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EDWIN HAWKINS SINGERS & BLUE MINK 1970 LIVE CONCERT REVIEW
LIVE AT THE ROYAL ALBERT HALL, LONDON - DECEMBER 1970

IN PRACTICALLY every biography written about today's soul singers, mention is made of how he or she began singing in church; so much so that there is hardly one artist who didn't start by being a member of their local church choir.

Few vocalists stay in the gospel field – it simply doesn't pay – and they leave for the more lucrative r&b and pop markets. However, the importance of gospel music should never be overlooked (although it frequently is) since it is the foundation for soul and r&b music and one of the few groups qualified to testify to this are the Edwin Hawkins Singers.

Their first single, 'Oh Happy Day', whilst it became an international hit, threatened to label the group as 'one hit wonders', but after two very successful visits to Europe (the first during last year), they have shown that their talent surpasses that of many other million-selling so-called stars.

[WORTHWHILE] Their London concert on December 4 at the Royal Albert Hall was very well attended and the audience made it clear throughout that they enjoyed every song. The programme opened with Blue Mink who proved a worthwhile attraction in their own right. I have only seen them in action once before as supporting act to Booker T. and the MG's and, whereas then they tended to play purely for their own enjoyment (consequently ignoring the audience completely), this time they displayed their versatility and musical ability to the full.

As usual, however, the Albert Hall's acoustics (which, no matter what people tell you, are appalling) played havoc and, though sitting at the front, all I could hear was the bass guitarist who succeeded in drowning the vocals. However, fronted by Madeleine Bell and Roger Cook, the group shone with their own 'Melting Pot' and 'Our World' and included an excellent version of 'Gasoline Alley Bred'. The highspot of the group's act was, undoubtedly, Madeleine Bell's soulful solo on 'I (Who Have Nothing)'...certainly one of the best-ever versions of the song. Other numbers in their set included 'Whole Lotta Love', 'Early Morning Dew', 'Jubilation' and 'Can You Feel It Baby'. They closed with 'Good Morning Freedom'.

The second half of the concert was devoted to the Edwin Hawkins Singers, who opened with, appropriately, 'Have A Good Time'. It was an exhortation which really wasn't necessary. Needles to say, everyone DID have a good time.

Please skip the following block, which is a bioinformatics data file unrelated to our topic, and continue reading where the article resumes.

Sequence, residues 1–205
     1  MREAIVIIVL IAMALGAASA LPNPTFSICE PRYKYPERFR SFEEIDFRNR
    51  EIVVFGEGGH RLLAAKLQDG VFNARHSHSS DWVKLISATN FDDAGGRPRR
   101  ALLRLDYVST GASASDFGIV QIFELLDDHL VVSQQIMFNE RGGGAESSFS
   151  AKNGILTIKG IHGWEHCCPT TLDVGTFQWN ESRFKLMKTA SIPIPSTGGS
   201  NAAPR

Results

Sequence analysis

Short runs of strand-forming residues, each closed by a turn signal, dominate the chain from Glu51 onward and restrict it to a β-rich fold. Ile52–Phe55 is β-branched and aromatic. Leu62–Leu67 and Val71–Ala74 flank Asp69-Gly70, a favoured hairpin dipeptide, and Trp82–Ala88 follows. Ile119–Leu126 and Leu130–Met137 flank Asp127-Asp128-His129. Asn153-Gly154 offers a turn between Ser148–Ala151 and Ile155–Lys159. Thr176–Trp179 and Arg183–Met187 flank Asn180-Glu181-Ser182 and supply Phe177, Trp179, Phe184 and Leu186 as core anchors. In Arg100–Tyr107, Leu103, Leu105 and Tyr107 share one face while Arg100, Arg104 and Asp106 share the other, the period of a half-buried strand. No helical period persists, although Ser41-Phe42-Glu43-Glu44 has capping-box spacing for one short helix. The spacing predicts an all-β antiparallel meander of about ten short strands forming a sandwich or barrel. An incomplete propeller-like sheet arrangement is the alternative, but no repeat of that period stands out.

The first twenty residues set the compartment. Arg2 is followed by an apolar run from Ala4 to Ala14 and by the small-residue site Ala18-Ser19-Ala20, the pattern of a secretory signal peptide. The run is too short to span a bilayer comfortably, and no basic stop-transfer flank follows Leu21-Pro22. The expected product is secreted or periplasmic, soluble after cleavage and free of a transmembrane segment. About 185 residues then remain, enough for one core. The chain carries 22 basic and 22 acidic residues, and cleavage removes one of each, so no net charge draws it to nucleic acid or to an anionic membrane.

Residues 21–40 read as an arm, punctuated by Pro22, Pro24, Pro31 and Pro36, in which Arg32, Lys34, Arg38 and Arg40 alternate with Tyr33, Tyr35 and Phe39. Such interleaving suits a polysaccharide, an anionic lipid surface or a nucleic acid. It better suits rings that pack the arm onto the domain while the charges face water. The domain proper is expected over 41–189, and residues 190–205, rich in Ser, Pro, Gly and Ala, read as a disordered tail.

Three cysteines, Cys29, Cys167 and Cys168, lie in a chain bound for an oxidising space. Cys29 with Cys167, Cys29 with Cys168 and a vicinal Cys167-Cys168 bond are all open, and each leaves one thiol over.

[REMARKABLE HARMONIES] The audience was already shouting for more when the group went into 'Blowin' In The Wind'. 'Footprints In The Snow' brought one of the Edwin's cousins to the fore on a slow number which featured some remarkable harmonies from the rest of the group. Fiery, foxy Elaine Kelly was the soloist on 'To My Father's House', the group's last Buddah single, and, as on her previous visit, she succeeded in getting a large proportion of the audience on its feet...clapping, stomping and singing.

Mr Hawkins himself came out front for 'He's Got The Whole World In His Hands', with everyone joining in. Then, of all things, the group chose to sing a Beatles song! Well, not quite...it was 'My Sweet Lord', which Edwin recorded with George Harrison and Billy Preston on his visit last year. Unfortunately, it was rather a tedious choice and it was left to 'Ain't It Like Him', a rousing hymn featuring Edwin's brother Walter and his fiancee to dispel the sense of anti-climax which was achieved. Walter also took the lead on 'With Jesus Within', which displayed his exceptional vocal range.

The finale was, naturally, 'Oh Happy Day', featuring Elaine Kelly again. The group was forced to do two or three encores of their most famous tune but, unfortunately, time, and/or the manager of the Hall, prevented the singers from continuing. They might well have sung for another hour if they could. Certainly the audience would have welcomed it.

One point, however. The only fault with the Singers' programme was the order in which the songs came. Instead of building the atmosphere to fever pitch by starting with slower numbers and finishing with the 'gutsier' ones, they attempted to intersperse the slow and the fast, resulting in several bad anti-climaxes. But, all in all, a splendid performance.


About the Writer
David Nathan is the founder and CEO of SoulMusic.com and began his writing career in 1965; beginning in 1967, he was a regular contributor to Blues & Soul magazine in London before relocating to the U.S. in 1975 where he served as U.S. editor for the publication for several decades and began being known as 'The British Ambassador Of Soul.' From 1988 to 2004, he wrote prolifically for Billboard, has penned bios, produced and written liner notes for box sets and reissue CDs for over a thousand projects. He returned to London in 2009 where he has helped create SoulMusic.com Records as a leading reissue label.
  

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